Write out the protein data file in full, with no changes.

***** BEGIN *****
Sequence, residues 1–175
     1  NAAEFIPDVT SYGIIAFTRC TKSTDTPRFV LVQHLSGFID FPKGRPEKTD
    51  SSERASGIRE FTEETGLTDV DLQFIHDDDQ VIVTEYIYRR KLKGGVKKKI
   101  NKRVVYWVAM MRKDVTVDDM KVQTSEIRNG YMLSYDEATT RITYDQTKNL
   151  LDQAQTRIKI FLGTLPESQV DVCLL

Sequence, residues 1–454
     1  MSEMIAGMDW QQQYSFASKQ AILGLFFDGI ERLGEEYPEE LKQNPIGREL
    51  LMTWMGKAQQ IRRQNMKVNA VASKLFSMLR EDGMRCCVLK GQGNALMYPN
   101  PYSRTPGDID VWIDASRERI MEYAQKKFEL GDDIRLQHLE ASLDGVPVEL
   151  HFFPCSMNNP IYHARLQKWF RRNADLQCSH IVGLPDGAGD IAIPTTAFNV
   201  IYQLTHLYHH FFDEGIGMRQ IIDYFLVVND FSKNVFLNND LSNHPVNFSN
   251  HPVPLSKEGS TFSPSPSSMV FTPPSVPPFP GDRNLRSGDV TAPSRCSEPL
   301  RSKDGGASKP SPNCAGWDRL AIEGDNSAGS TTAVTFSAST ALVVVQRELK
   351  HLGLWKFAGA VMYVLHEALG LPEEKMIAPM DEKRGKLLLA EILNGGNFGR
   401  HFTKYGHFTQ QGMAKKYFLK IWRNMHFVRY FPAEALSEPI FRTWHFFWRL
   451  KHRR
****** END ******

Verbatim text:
Sequence, residues 1–175
     1  NAAEFIPDVT SYGIIAFTRC TKSTDTPRFV LVQHLSGFID FPKGRPEKTD
    51  SSERASGIRE FTEETGLTDV DLQFIHDDDQ VIVTEYIYRR KLKGGVKKKI
   101  NKRVVYWVAM MRKDVTVDDM KVQTSEIRNG YMLSYDEATT RITYDQTKNL
   151  LDQAQTRIKI FLGTLPESQV DVCLL

Sequence, residues 1–454
     1  MSEMIAGMDW QQQYSFASKQ AILGLFFDGI ERLGEEYPEE LKQNPIGREL
    51  LMTWMGKAQQ IRRQNMKVNA VASKLFSMLR EDGMRCCVLK GQGNALMYPN
   101  PYSRTPGDID VWIDASRERI MEYAQKKFEL GDDIRLQHLE ASLDGVPVEL
   151  HFFPCSMNNP IYHARLQKWF RRNADLQCSH IVGLPDGAGD IAIPTTAFNV
   201  IYQLTHLYHH FFDEGIGMRQ IIDYFLVVND FSKNVFLNND LSNHPVNFSN
   251  HPVPLSKEGS TFSPSPSSMV FTPPSVPPFP GDRNLRSGDV TAPSRCSEPL
   301  RSKDGGASKP SPNCAGWDRL AIEGDNSAGS TTAVTFSAST ALVVVQRELK
   351  HLGLWKFAGA VMYVLHEALG LPEEKMIAPM DEKRGKLLLA EILNGGNFGR
   401  HFTKYGHFTQ QGMAKKYFLK IWRNMHFVRY FPAEALSEPI FRTWHFFWRL
   451  KHRR